The Dee[5] is a river in northeastern Scotland, which rises in the Grampian Mountains and flows eastwards past Balmoral Castle to the North Sea at Aberdeen. Another river of the same name rises in North Wales and flows past Chester and on into the Irish Sea.

3d   Skinflint fit /to be/ unhappy (9)

4d   Appeared ordinary /in/ small role (5)

In the UK (with the exception of Scotland), O level[5] (ordinary level)[5] is a qualification in a specific subject formerly taken by school students aged 14-16, at a level below A level. It was replaced in 1988 by the  GCSE[5] (General Certificate of Secondary Education).

5d   Mini maybe parked by a daughter/'s/ home (7)

Scratching the Surface
In the surface reading,  Mini[7] is an automobile brand, currently owned by BMW, but originally introduced as a model under the Austin and Morris marques by the British Motor Corporation (BMC).

6d   One shoddily rinsed // one's privy (7)

Scratching the Surface
In the surface reading, privy[5] is used in the sense of a toilet located in a small shed outside a house or other building. 

7d   MI5 after tender // meat dishes (9,4)

The Security Service, commonly known as MI5[5] (Military Intelligence, Section 5), is the United Kingdom's domestic counter-intelligence and security agency and is part of its intelligence machinery alongside the Secret Intelligence Service (SIS; also known as MI6) focused on foreign threats, Government Communications Headquarters (GCHQ) and Defence Intelligence (DI).

8d   Locating ship's position // accounting for fatalities? (4-9)

15d   What could be turned into tapas? (9)

Although gnomethang identifies this clue as an &lit. (all-in-one), I don't believe that to be the case. Instead, I think it is a semi-&lit. (semi-all-in-one). The entire clue does serve as the definition, but only part of the clue (that portion having the dashed underlining) provides the wordplay which is an anagram (turned) of INTO TAPAS.

Tapas[2] are light savoury snacks or appetizers, especially those based on Spanish foods and cooking techniques and served with drinks. Oxford Dictionaries Online explains the etymology as Spanish tapa, literally 'cover, lid' (because the dishes were given free with the drink, served on a dish balanced on, therefore ‘covering’, the glass).[5]

In Italian cookery, antipasto[5] (plural antipasti) denotes an hors d'oeuvre.

17d   Horse that runs away, perhaps, carrying son/'s/ padded support (7)

18d   Sample of apricot tart /and/ soft cheese (7)

Ricotta[2] is a soft white unsalted Italian curd cheese made from sheep's or cow's milk and often used in sauces for ravioli, lasagne, etc.

19d   Steer // three characters from Istanbul to join Yale, say (7)

Yale[7] is an American lock manufacturer owned by Swedish lock manufacturer Assa Abloy. The business was founded as the Yale Lock Manufacturing Co. in Stamford, Connecticut in 1868 by Linus Yale, Jr., the inventor of the pin tumbler lock (sic), and Henry R. Towne.

Delving Deeper
Yale established a British operation by acquiring the business of H&T Vaughan, a long-established lock manufacturer in Wood Street, Willenhall, the historic centre of the British lock industry, and became the major employer in the town. "Yale locks" became the generic term in the UK for pin-tumbler household locks and keys.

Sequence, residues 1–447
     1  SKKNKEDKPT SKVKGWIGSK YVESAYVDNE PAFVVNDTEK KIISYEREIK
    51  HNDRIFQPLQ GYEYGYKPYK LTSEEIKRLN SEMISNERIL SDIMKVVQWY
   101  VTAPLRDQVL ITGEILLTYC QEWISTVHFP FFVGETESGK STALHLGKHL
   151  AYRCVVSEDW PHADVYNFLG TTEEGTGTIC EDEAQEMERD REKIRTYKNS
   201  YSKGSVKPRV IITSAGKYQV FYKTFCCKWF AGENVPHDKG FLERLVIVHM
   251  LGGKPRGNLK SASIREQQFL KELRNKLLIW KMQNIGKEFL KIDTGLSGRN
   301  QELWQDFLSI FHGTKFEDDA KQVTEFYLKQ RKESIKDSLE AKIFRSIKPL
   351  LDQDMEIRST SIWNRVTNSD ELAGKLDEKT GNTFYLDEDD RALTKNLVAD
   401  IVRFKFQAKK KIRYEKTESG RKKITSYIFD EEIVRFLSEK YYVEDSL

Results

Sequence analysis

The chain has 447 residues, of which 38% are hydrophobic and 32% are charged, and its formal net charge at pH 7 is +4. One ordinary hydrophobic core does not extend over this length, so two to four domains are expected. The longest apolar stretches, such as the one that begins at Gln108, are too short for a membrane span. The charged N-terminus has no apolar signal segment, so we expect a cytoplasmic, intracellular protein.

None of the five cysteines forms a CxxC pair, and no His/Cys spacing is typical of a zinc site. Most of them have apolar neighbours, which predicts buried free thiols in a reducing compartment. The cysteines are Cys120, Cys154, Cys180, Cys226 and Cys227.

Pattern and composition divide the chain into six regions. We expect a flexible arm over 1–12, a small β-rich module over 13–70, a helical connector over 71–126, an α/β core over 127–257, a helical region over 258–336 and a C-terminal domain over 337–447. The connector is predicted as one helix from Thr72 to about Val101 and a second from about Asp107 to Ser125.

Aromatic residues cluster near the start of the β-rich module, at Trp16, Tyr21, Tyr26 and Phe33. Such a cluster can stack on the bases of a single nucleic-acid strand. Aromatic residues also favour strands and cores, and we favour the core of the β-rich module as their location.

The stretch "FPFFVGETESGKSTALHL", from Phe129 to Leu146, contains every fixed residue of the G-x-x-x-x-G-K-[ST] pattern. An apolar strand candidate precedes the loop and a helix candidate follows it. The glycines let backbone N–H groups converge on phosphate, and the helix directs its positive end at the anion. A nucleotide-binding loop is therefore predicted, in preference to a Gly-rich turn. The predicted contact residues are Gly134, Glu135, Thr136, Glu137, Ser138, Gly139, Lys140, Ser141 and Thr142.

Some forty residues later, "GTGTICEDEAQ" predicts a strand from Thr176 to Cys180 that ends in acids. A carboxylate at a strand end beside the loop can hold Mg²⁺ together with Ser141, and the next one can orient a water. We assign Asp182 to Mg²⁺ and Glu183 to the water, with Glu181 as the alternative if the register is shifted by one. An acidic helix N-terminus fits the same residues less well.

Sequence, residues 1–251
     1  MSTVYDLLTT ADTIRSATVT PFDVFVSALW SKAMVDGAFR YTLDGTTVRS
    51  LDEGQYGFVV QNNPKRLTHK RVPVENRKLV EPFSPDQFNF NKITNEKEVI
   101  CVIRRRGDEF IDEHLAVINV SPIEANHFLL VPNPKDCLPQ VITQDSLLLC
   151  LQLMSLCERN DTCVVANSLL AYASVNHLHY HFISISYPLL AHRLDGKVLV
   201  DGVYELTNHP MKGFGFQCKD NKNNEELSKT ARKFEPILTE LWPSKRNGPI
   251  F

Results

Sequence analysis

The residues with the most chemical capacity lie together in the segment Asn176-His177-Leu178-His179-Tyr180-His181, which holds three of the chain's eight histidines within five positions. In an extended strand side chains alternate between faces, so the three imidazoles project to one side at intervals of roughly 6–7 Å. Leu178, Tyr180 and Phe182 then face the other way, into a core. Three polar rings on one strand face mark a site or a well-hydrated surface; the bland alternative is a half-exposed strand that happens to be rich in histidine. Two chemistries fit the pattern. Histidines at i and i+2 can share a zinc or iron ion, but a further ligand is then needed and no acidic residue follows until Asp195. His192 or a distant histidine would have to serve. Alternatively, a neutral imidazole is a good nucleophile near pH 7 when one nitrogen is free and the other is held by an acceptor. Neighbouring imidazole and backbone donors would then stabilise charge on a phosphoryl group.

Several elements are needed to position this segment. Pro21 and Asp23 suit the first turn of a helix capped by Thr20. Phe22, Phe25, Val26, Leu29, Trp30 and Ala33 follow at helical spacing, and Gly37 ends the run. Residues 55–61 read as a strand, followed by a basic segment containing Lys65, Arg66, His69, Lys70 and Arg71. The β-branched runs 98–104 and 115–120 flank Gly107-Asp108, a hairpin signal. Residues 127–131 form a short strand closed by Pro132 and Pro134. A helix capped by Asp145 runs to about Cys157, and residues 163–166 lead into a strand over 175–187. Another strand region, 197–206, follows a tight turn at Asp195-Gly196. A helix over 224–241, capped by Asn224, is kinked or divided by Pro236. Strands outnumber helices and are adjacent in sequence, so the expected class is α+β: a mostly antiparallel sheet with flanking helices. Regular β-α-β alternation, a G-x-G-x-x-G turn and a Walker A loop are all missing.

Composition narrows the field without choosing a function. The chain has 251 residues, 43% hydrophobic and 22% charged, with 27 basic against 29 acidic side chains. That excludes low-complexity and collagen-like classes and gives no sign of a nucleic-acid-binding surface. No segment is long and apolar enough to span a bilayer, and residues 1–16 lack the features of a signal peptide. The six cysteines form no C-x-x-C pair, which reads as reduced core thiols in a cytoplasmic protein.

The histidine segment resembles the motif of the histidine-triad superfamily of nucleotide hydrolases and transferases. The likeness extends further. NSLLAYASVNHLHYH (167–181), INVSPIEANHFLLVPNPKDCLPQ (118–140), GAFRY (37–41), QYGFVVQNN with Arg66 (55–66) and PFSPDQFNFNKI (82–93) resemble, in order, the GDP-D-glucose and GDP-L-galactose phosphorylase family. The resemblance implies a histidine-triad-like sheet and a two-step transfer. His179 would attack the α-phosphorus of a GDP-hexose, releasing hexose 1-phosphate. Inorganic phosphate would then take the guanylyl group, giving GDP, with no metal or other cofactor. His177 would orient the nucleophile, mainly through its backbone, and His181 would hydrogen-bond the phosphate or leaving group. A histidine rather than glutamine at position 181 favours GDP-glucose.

Unlocking the Truth
If Linus Yale, Jr. did indeed invent the pin tumbler lock then he must have done it in a previous incarnation. Basic principles of the pin tumbler lock[7] may date as far back as 4000 BC in Egypt.

Behind the Name
Only yesterday, I saw a truck with the name Assa Abloy on it and wondered what sort of business it might be in. What a strange coincidence to run across it again.

The Assa Abloy Group was formed when Swedish lock manufacturer Assa AB acquired Finnish lock manufacturer Abloy Oy (AB means Ltd. in Swedish and Oy means Ltd. in Finnish).

The name Assa comes from August Stenman Stenman August (I would guess that August Stenman was the name of the company founder). The name Abloy comes from  AB Låsfabriken/Lukkotehdas Oy which breaks down as AB (Ltd. in Swedish) + L (for Låsfabriken [lock factory in Swedish] and Lukkotehdas [lock factory in Finnish]) + Oy (Ltd. in Finnish).

And, no, this is not an April Fool's joke.

20d   Half of them drily cooked, // as French hens appear at Christmas? (7)

In the English Christmas carol "The Twelve Days of Christmas"[7], three French hens are first presented on the third day of Christmas.

22d   Kid // persuaded by speech (5)

Kid[3] is leather made from the skin of a young goat; kidskin.

Suede[11] is kid or other leather finished with a soft, napped surface.
Key to Reference Sources: 

[1]   - The Chambers Dictionary, 11th Edition
[2]   - Search Chambers - (Chambers 21st Century Dictionary)
[3]   - TheFreeDictionary.com (American Heritage Dictionary)
[4]   - TheFreeDictionary.com (Collins English Dictionary)
[5]   - Oxford Dictionaries (Oxford Dictionary of English)
[6]   - Oxford Dictionaries (Oxford American Dictionary)
[7]   - Wikipedia
[8]   - Reverso Online Dictionary (Collins French-English Dictionary)
[9]   - Infoplease (Random House Unabridged Dictionary)
[10] - CollinsDictionary.com (Collins English Dictionary)
[11] - TheFreeDictionary.com (Random House Kernerman Webster's College Dictionary)
Signing off for today — Falcon